This Thanksgiving, prioritize the health and safety of your loved ones by following these best practices for holiday food safety. By taking simple yet crucial steps in the kitchen, you can enjoy a delicious feast without compromising the well-being of your family and friends. Remember, a safe Thanksgiving is a happy Thanksgiving!
Here are five best practices for handling and storing chicken and turkey safely:
- Store raw poultry in the refrigerator (40ºF) 1 or 2 days only before cooking or freezing. Store whole birds in the freezer (0ºF) for up to 1 year; parts for up to 9 months; giblets for 3 to 4 months.
- Before cooking poultry, throw away the packaging and rinse the product under cool running water. Make sure to cut poultry on a nonporous cutting board.
- Wash any cutting board, utensils, and counters with detergent and hot water immediately.
- Set oven temperature no lower than 325ºF. For doneness, cook breasts to an internal temperature of 170ºF and dark meat or whole birds to 180ºF, or until juices run clear and the flesh is tender.
- Refrigerate leftovers within 2 hours after cooking.
Let’s address common poultry safety concerns by answering these frequently asked questions.
“Do bacteria from poultry contaminate the counter and everything they contact? Can bacteria pass from object to object or into cuts on my hands?”
Poultry, like all raw food of animal origin, carries salmonella and other bacteria. It should be handled carefully to prevent cross contamination. Never let raw poultry or its juices contact cooked food or food that will be eaten raw, such as salad ingredients.
Salmonella bacteria must be eaten to cause illness. They cannot enter the body through a cut on your hand. Refrigeration slows the growth of salmonella and thorough cooking destroys it.
“After I left the grocery, I did more shopping. The turkey roast was in my van for 3 hours on a 90° day. Is it safe?”
Absolutely not. Do not leave poultry in a hot car for more than 30 minutes. The supermarket should be your last stop before heading home. Perishable food, like turkey, should be the last you choose before checkout. Unload perishables from your car first and refrigerate them immediately.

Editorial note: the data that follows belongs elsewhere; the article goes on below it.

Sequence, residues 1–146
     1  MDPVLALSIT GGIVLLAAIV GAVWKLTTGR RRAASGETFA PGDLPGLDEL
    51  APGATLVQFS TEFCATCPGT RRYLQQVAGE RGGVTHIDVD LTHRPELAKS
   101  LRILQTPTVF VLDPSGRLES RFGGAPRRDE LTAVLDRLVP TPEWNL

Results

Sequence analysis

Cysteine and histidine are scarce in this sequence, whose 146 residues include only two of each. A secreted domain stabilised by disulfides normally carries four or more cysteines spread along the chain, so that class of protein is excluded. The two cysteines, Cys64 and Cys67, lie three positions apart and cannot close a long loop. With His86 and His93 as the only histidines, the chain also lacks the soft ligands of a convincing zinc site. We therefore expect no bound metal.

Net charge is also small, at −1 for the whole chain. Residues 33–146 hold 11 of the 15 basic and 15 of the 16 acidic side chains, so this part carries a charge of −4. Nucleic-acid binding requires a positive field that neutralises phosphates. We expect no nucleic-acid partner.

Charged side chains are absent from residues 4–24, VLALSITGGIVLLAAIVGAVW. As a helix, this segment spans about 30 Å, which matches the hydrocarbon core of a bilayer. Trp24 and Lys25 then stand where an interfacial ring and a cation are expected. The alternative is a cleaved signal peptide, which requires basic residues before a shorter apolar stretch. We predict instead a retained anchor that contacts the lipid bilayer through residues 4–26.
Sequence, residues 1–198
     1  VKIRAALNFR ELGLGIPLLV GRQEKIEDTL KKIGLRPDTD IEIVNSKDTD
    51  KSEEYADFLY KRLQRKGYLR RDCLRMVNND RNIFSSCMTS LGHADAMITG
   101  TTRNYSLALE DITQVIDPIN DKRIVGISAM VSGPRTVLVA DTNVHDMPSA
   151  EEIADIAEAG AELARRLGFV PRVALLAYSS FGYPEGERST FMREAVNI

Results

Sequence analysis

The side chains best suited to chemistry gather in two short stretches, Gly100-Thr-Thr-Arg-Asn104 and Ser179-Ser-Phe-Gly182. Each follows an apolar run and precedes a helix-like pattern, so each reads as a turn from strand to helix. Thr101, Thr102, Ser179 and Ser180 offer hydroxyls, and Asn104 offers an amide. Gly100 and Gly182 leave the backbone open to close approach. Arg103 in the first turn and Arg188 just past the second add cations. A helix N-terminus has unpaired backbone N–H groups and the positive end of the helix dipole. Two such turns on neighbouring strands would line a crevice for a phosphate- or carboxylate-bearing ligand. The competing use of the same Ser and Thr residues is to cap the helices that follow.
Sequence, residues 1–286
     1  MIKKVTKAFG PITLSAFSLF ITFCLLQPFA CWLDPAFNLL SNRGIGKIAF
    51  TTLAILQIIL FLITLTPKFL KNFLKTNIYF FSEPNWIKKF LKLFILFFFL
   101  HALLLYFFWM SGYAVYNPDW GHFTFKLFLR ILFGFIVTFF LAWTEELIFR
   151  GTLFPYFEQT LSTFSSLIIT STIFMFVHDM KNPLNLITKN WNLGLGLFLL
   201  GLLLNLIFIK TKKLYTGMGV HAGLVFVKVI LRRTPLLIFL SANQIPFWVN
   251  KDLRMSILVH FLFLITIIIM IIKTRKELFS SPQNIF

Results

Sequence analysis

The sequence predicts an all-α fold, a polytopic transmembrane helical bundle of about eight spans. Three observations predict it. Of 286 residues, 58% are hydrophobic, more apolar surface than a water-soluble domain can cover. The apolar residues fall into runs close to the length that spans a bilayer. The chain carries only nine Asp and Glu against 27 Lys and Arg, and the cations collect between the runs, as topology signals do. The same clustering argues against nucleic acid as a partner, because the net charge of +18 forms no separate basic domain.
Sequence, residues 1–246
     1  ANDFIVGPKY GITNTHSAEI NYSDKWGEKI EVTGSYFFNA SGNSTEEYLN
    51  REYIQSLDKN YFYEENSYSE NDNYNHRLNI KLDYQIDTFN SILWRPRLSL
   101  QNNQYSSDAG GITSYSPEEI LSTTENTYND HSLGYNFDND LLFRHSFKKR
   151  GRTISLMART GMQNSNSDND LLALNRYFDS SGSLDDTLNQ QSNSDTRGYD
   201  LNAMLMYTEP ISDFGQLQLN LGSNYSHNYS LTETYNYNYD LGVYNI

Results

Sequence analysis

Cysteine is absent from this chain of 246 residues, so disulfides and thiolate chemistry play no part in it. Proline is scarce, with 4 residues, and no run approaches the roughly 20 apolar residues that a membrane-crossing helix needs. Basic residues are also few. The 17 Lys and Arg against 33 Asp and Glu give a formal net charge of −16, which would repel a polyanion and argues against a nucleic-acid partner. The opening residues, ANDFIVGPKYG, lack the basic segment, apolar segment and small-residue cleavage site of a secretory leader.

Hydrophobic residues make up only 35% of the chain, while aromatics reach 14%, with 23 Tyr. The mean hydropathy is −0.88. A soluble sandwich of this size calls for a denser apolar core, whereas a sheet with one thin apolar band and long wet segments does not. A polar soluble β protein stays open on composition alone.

“Sometimes when I buy chicken, it looks frozen but by the time I get it home, it is defrosted. Is it safe to freeze?”
Yes. What you have observed is only frozen surface tissues. The entire chicken is not frozen. Processors quickly chill and store fresh chicken at 28º to 32ºF to prevent the rapid growth of bacteria and increase its shelf-life.
“I’ve had a thawed turkey breast in the refrigerator 8 days. Is it safe to cook? I’m 90 and I don’t want to get sick.”
Senior citizens, pregnant women, very young children and people who suffer from chronic illnesses are especially vulnerable to foodborne bacteria.
For persons of any age, 8 days is too long to refrigerate raw or cooked poultry. The safe time limit for refrigerating raw poultry is 1-2 days; 3-4 days if it is cooked.
Your turkey may have begun to spoil. Even without spoilage, indicators like an off-odor or sticky surface, harmful bacteria may be present. Discard it.
“I’m concerned about the dark color of meat around the bones of chicken. How do you prevent it?”
First, it is perfectly safe to eat chicken meat that turns dark during cooking. The darkening around bones occurs primarily in young broiler-fryers 7 to 9 weeks old. Since their bones have not calcified completely, pigment from the bone marrow can seep through the porous bones. When the chicken is cooked, the pigment turns dark. Try buying a more mature 5 – 7 pound baking hen or debone chicken.
For more information regarding food safety, please contact the Department of Public Health Division of Environmental Health Services at ehs.sbcounty.gov or call us at (800) 442-2283.